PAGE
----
Mumbai/New Delhi: Employees of National Aviation Co. of India Ltd (Nacil) ended their hunger strike on Thursday evening, but announced that they will continue to protest by not working extra hours between Friday and Sunday, and then forming human chains and holding luncheon protests.
Nacil operates the national carrier Air India.
“The next course of action is ‘zerotime overtime’,” said J.B. Kadiyan, general secretary of the Air Corporation Employees’ Union (ACEU) adding that members of another major union, Aviation Industry Employees’ Guild (AIEG), would join ACEU in the protest.
Tight spot: Arvind Jadhav, chairman and managing director, Air India. Harikrishna Katragadda / Mint
Both unions together count at least 20,000 workers as members. “There will be no flight disruption or inconvenience to the passengers,” Kadiyan said.
A senior Air India official who did not want to be identified said the airline had already issued orders that “overtime expense has to be controlled and accounted for”, implying that the protest was irrelevant because the airline was anyway not keen on having employees work extra hours.
On Wednesday, a majority of Nacil employees rejected a proposal to cut 50% of their productivity-linked incentives (PLI), making it harder for the embattled carrier to argue its case for an equity infusion and soft loans from the government. “Now Air India is left with no option (but) to act tough. We cannot go ahead with this unsustainable PLIs,” said a senior official with the civil aviation ministry, who spoke on condition of anonymity.
Last Friday, the debt-ridden, state-owned carrier announced a 50% cut in PLIs, that accounts for 30-50% of the salary of Air India employees, hoping to save around Rs700 crore. These incentives cost Air India Rs1,400 crore in 2008-09, a year in which the airline suffered losses of at least Rs5,000 crore.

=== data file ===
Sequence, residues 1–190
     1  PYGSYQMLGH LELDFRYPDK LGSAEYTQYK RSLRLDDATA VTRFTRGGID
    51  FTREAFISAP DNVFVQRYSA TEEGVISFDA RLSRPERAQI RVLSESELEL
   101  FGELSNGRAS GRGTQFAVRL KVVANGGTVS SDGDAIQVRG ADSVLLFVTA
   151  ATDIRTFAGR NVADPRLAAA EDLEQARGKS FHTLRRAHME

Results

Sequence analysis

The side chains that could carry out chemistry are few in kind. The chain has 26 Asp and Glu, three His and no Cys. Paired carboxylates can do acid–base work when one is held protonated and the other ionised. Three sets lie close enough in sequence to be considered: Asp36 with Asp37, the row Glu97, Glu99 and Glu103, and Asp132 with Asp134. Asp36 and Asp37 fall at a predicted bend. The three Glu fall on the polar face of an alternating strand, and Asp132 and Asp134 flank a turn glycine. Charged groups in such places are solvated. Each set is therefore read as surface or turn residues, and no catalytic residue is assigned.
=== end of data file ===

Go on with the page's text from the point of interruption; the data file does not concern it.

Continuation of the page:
Following a request from Prime Minister Manmohan Singh, a committee of secretaries (CoS) had suggested that Air India prepare a cost-reduction proposal, including an alternative to its current incentive scheme, before the government could offer any help.
With accumulated losses of Rs7,200 crore and debt of Rs15,241 crore as of June, cash-strapped Nacil had asked for a loan and equity infusion of around Rs15,000 crore from the government. Its current equity capital is a mere Rs145 crore.
Jitender Bhargava, Nacil’s executive director of corporate communications, declined details on other cost-cutting proposals that will be made to the CoS.
“It appears they still do not understand the gravity of the situation,” the Air India official said of the unions’ moves, but denied that the airline had threatened them that it would hand over the company to the Board for Industrial and Financial Reconstruction (BIFR).
However, he did not rule that out as an option.